cube: (x) => x * x * x,
};
$ cat main.js 
import mod from './mod.js'
console.log(mod.foo, mod.cube(mod.bar));
$ rollup main.js -f es --silent | tee bundle.js
var mod = {
	foo: 1,
	bar: 2,
	square: (x) => x * x,
	cube: (x) => x * x * x,
};

console.log(mod.foo, mod.cube(mod.bar));
$ uglifyjs -V
uglify-es 3.2.1
$ cat bundle.js | uglifyjs --toplevel -bc
var mod_foo = 1, mod_bar = 2, mod_cube = x => x * x * x;

console.log(mod_foo, mod_cube(mod_bar));
$ cat bundle.js | uglifyjs --toplevel -mc passes=3
console.log(1,8);

@Andarist
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@Andarist Andarist commented Dec 3, 2017

wow, that's great new 👏 is uglify-es considered to be stable now? I recall you mentioning few months back that it isn't there quite yet, but I can remember that incorrectly, so ain't sure.

Anyway - that's all and nice in a rollup world, but considering that React is bundled mostly in apps and those use mostly webpack which does not do scope hoisting by default, I'd still say that exporting an object as default should be avoided to aid other tools than uglisy-es+rollup in their efforts to produce smaller bundle sizes. Also for me it is semantically better to avoid this - what libs actually do in such cases is providing a namespace and it is better represented when using import * as Namespace from 'namespace'

@kzc
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@kzc kzc commented Dec 3, 2017

is uglify-es considered to be stable now?

As stable as anything else in the JS ecosystem. Over 500K downloads per week.

that's all and nice in a rollup world, but considering that React is bundled mostly in apps and those use mostly webpack which does not do scope hoisting by default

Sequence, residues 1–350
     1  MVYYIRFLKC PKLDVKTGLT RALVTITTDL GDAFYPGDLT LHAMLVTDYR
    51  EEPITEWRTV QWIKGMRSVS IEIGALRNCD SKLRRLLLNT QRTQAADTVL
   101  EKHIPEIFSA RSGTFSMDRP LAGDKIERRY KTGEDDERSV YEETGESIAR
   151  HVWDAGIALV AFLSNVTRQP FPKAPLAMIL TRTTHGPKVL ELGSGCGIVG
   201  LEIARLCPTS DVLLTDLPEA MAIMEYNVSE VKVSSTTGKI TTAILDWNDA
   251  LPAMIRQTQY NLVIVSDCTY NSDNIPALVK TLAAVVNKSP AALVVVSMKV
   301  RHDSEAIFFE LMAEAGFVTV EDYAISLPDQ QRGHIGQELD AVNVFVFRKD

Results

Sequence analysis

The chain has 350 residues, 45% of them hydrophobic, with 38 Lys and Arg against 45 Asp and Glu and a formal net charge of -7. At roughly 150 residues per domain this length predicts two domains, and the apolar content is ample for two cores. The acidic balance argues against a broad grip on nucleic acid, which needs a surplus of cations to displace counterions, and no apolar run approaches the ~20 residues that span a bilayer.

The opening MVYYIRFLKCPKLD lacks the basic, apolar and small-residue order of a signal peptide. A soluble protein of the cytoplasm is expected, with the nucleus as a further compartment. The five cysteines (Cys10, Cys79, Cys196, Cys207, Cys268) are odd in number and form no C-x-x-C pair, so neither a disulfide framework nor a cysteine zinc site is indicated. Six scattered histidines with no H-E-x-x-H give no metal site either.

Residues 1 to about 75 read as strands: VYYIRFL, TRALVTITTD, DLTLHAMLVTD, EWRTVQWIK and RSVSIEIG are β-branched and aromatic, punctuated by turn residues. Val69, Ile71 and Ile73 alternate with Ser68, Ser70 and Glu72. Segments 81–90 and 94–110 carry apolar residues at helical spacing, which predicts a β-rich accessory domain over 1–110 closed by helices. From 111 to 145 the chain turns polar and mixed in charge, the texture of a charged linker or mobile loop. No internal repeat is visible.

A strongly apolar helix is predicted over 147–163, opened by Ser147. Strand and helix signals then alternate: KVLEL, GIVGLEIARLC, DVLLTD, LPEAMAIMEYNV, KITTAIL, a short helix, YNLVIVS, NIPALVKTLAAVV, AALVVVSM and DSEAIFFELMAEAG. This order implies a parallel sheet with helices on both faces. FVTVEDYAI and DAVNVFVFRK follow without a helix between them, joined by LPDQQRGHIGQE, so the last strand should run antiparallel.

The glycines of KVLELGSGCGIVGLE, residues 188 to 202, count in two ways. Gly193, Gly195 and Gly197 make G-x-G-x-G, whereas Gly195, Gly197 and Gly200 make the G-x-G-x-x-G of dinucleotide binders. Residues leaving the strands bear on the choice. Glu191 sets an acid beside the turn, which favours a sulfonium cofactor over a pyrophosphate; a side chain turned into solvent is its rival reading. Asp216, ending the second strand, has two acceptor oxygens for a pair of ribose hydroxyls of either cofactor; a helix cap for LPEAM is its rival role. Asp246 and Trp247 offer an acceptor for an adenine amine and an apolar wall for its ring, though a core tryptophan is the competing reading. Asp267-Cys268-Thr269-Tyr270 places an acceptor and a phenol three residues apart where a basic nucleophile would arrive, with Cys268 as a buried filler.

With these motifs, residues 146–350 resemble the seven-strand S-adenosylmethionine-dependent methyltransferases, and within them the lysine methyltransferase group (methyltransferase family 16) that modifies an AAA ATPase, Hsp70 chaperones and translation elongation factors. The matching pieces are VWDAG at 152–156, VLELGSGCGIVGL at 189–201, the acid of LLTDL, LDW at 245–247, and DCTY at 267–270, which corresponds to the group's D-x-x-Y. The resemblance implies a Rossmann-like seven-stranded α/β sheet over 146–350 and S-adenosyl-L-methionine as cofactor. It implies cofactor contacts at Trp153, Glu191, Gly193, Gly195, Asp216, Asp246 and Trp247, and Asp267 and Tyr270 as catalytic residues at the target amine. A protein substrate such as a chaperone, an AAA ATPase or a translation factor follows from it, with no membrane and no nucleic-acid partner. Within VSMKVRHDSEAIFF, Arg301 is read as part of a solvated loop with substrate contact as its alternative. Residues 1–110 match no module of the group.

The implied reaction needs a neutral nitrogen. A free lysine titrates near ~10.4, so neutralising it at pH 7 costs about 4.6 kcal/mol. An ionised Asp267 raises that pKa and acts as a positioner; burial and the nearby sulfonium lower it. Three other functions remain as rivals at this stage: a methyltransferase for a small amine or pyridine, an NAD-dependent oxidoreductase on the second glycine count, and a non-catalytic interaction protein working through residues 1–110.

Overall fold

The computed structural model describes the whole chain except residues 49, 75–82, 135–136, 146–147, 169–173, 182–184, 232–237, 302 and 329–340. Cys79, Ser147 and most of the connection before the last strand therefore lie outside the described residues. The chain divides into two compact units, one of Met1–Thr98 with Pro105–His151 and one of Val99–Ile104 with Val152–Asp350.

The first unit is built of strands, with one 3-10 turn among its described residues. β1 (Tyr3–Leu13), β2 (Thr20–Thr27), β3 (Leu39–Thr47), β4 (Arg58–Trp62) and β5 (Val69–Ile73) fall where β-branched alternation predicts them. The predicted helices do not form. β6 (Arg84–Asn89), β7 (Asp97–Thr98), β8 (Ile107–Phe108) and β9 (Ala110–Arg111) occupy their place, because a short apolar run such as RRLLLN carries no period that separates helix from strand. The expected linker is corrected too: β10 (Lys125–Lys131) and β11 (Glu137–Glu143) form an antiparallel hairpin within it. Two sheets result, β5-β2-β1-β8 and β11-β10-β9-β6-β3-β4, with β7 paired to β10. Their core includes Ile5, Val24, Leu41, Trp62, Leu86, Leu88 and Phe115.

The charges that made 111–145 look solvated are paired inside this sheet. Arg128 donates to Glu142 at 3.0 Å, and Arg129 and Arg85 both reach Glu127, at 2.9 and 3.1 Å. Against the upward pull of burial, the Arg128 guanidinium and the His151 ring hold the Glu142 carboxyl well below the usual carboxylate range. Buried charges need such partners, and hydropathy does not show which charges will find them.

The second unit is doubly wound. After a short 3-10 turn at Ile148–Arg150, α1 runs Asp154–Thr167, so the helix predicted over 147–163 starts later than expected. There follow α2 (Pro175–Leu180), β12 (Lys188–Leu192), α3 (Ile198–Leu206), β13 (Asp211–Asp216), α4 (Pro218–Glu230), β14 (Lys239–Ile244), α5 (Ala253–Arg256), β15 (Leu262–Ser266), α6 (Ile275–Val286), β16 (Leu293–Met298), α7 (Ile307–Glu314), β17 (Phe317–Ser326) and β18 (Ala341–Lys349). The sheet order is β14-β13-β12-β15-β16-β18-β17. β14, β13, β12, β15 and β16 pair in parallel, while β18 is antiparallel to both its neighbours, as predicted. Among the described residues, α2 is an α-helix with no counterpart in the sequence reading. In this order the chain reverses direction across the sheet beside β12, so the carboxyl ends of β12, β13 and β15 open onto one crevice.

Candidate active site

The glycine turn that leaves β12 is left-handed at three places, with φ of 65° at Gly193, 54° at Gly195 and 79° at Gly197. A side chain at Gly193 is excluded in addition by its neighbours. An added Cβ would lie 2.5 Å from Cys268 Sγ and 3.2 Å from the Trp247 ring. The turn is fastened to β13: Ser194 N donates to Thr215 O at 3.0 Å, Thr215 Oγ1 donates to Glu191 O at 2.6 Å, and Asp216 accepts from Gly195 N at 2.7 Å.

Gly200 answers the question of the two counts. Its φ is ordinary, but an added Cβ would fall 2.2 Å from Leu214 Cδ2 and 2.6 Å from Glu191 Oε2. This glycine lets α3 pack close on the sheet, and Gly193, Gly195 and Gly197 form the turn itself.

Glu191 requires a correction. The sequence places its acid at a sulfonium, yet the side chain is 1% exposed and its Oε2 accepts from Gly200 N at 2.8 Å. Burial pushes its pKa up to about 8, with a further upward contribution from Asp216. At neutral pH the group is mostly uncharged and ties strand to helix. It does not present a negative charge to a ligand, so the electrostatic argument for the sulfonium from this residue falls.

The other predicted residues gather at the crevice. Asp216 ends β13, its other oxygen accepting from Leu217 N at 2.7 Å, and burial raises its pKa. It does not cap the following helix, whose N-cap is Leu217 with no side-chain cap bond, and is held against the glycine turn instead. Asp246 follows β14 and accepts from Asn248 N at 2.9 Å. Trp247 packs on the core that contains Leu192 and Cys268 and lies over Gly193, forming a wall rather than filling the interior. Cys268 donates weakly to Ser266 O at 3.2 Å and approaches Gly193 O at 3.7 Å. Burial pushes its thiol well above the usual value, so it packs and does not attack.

Anyway, it's an option. Webpack defaults are not ideal anyway - you have to use ModuleConcatenationPlugin as you know.

@lukastaegert
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@lukastaegert lukastaegert commented Dec 4, 2017

Adding a few cents here:

  • I totally agree with @Rich-Harris that semantically, named exports are the right choice
  • I really do not like either import React from 'react' or import * as React from 'react' just to be able to use JSX syntax. In my eyes, this design is clearly violating the Interface Segregation Principle in that it forces users to import all of React just to be able to use the createElement part (though admittedly with a namespace export, a bundler like Rollup will strip out the unneeded exports again)

So if we are at a point where we might make breaking-change decisions, I would advise to change this so that JSX depends on a single (global or imported) function. I would have called it createJSXElement(), which in my opinion describes it even better than createElement() and no longer needs the React context to make sense. But in a world where every byte counts, jsx() is probably ok, too.